Suffolk primaries under threat whilst £11 million spent on unnecessary Free Schools

The EADT revealed today that free schools in Suffolk have so far cost £11 million in set up and building costs  In fact this is just for two of them - IES Breckland and Stour Valley Community School. Both these schools are under capacity.

So far an additional £2 million has been spent on the two Seckford Free Schools in Beccles and Saxmundham. This is just on “set up costs”. Capital funds for buildings haven't yet been revealed.

All this in a county that has thousands of spare places in its High Schools.

Indeed the DfE itself said of the Beccles Free School bid in its impact assessment published recently that:
The Waveney District, in which the Free School will be located, currently has a 38% surplus of secondary school places and this is predicted to rise to 45% by 2015/16 academic year without the establishment of the Free School. 
The DfE went on to ignore this claiming that:
any negative impact of establishing the Free School could be outweighed by the positives of creating genuine choice for parents (by offering an alternative model of a small school with a clear focus on academic achievement) and driving up educational standards in the local area.  
But what really makes me angry is that at exactly the same time as money is being thrown around building computer labs full of iMacs in free schools a significant threat to hundreds of rural primary schools has emerged.

Due to budget cuts and changes to the funding formula proposed by the DfE many Suffolk schools with less than 150 pupils will become unviable. They will be either forced to close or merge with other local schools.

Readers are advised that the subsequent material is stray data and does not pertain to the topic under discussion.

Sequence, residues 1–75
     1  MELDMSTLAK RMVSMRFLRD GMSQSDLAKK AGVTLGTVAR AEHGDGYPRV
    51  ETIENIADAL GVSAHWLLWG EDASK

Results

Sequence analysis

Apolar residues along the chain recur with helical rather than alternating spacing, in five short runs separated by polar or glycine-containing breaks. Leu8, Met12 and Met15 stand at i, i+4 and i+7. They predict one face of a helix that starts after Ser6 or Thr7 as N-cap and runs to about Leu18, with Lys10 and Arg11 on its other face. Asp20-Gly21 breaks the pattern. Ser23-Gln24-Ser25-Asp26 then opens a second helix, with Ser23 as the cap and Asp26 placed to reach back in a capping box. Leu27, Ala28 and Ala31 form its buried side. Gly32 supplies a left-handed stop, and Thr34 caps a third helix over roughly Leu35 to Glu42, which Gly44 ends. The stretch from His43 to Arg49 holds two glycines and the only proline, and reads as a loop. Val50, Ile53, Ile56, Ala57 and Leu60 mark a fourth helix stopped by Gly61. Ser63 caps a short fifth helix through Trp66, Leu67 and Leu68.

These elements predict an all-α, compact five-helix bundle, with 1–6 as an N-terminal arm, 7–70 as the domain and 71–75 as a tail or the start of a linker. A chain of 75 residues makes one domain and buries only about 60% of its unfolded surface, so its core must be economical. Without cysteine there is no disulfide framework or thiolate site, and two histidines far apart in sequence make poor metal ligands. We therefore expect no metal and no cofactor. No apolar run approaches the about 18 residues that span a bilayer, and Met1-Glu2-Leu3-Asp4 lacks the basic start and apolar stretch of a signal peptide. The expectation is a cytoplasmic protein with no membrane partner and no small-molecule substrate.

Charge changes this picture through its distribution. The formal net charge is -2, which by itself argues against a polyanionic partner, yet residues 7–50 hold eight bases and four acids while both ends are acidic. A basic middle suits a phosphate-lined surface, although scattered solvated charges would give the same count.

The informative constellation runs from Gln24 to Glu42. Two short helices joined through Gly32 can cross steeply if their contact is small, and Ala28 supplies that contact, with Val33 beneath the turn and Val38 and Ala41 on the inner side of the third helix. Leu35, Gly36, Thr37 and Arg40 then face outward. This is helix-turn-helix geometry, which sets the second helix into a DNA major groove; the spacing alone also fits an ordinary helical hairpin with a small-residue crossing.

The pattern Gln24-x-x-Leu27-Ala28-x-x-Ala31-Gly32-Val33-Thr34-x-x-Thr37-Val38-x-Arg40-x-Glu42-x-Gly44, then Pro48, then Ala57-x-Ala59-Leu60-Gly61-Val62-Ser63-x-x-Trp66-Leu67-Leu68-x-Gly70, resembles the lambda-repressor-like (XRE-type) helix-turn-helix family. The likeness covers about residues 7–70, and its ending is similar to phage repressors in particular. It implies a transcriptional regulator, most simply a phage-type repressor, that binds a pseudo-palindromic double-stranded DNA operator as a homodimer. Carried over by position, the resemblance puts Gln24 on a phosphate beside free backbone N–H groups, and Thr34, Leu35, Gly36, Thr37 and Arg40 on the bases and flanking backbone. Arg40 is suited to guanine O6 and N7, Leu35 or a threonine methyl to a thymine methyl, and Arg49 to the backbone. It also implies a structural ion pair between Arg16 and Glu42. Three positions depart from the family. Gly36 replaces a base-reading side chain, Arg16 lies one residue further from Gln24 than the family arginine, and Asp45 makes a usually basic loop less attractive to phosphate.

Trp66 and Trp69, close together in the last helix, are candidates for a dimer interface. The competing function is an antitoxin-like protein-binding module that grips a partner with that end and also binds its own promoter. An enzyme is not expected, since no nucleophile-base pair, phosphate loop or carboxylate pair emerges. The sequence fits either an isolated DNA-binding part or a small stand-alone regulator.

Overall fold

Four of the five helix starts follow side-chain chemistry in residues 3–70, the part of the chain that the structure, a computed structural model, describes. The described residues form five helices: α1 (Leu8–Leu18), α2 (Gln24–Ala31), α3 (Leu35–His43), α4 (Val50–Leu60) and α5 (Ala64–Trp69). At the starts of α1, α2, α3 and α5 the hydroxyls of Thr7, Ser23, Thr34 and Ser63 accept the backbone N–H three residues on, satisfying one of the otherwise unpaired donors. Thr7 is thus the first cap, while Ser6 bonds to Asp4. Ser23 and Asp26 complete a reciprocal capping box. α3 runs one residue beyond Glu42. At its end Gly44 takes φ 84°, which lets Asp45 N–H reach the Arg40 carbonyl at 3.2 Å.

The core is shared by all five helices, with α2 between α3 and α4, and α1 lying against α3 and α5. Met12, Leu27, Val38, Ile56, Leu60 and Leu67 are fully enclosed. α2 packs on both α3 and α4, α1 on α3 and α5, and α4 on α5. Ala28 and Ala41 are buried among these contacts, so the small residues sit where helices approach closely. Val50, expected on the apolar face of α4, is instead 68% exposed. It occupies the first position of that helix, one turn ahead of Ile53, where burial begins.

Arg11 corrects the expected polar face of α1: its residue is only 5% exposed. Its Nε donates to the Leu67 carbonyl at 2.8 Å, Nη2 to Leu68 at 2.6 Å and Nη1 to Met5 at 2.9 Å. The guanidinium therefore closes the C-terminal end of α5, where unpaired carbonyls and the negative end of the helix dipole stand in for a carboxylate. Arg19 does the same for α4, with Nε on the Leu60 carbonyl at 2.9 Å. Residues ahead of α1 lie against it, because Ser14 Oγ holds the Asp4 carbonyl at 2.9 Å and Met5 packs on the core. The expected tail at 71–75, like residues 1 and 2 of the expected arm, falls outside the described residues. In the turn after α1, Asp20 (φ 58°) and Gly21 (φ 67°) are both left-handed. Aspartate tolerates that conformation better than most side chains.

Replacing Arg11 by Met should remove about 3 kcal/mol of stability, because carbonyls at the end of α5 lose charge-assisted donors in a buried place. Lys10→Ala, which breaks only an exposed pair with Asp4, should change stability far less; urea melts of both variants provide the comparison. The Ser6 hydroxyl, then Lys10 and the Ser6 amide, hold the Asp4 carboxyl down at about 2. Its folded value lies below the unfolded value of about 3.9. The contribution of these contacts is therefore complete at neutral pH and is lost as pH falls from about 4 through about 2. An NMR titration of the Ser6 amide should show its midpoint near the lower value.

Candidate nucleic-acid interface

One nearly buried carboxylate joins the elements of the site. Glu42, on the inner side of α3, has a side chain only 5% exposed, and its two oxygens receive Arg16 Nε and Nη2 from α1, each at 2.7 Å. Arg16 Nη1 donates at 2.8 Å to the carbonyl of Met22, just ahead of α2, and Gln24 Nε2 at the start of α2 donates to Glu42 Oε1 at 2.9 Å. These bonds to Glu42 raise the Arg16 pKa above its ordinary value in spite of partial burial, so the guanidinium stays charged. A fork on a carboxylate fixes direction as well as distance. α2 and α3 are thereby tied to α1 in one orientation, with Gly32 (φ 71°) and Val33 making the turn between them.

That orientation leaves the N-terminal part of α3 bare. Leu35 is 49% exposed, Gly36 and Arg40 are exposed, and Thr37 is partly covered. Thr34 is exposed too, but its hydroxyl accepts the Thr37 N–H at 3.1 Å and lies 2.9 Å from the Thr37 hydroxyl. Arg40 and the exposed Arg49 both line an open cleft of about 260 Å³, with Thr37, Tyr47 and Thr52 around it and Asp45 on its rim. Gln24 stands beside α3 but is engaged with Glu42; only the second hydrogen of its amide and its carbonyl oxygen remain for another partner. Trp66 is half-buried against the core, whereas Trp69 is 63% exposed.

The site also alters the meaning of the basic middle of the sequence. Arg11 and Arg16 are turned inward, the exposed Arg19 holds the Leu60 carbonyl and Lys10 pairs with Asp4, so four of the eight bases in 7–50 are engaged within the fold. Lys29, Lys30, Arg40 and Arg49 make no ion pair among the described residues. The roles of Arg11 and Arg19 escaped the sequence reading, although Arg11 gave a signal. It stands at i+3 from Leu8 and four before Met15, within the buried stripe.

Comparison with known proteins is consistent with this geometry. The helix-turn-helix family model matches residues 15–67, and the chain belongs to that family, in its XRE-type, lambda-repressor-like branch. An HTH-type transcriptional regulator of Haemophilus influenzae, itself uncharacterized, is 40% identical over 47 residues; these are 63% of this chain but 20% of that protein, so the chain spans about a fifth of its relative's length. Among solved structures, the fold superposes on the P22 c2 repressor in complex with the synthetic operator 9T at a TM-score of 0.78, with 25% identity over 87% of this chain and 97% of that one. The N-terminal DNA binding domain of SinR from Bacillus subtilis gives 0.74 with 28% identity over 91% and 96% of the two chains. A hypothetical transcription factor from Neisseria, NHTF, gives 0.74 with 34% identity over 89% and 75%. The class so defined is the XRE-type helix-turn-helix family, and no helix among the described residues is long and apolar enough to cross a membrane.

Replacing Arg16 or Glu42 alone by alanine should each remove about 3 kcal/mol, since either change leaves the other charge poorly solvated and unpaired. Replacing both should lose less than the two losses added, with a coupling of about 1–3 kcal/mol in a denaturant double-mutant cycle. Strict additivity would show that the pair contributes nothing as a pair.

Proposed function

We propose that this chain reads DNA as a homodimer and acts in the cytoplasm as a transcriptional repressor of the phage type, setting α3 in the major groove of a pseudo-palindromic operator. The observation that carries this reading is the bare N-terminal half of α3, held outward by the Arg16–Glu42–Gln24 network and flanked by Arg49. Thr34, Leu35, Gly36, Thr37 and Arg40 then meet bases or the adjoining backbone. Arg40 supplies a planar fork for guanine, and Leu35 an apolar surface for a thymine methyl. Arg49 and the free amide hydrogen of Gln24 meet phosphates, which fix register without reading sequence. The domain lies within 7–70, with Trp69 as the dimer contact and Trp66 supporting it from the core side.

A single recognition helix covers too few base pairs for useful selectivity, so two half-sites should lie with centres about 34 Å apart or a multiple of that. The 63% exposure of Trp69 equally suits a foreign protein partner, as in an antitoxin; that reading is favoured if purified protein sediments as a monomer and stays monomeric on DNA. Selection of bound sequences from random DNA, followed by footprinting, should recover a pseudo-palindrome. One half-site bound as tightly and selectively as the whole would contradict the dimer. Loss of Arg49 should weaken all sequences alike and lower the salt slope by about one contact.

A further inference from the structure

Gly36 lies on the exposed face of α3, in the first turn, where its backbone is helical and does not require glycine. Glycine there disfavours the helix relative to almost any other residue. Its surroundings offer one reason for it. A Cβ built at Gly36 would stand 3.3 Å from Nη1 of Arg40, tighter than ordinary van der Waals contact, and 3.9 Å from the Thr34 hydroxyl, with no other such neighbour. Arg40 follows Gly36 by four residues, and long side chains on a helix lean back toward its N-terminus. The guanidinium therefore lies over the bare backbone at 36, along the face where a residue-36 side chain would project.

The No School An Island report commissioned by Suffolk County Council as part of their Raising the Bar initiative concluded that:
As of May 2012, there were 3 schools with under 25 children on roll, 16 schools with under 50 pupils and 57 schools with fewer than 100. The majority of these schools (44 out of 76) were not at the time of writing (April 2013) in or looking to find a formal partnership arrangement. Concerns about the long-term viability of these schools have been heightened in the context  of current funding pressures, together with changes as a result of the new simplified funding formula for schools that have taken away the curriculum top ups which previously offered some protection to small schools. While the minimum-funding guarantee offers protection for a limited period, the bottom line is that small schools will be vulnerable to closure if and when this is removed. 
Hundreds of Suffolk parents will lose the choice to send their children to their local village primary school if this happens. Where I live in the Stradbroke pyramid every single Primary school is under 150 pupils. Already schools are having to make difficult choices and facing real hardship. Whilst we watch open mouthed at some schools having major building work small schools are struggling with capital budgets of literally (and I am NOT making this up) £5,000 a year. That doesn’t buy many iMacs….In a small school with a small budget any cut is felt more and there is literally nothing left to cut back on.

Even the best the DfE could promise in their impact assessment of the proposed Beccles Free School is that it could create choice and drive up standards.

If small village schools are forced to close it will reduce choice and it will damage communities in rural Suffolk.

The money spent on these free schools should be being invested in our rural schools to ensure they not only stay open but thrive. Choice for some should not be at the expense of the needs of others.
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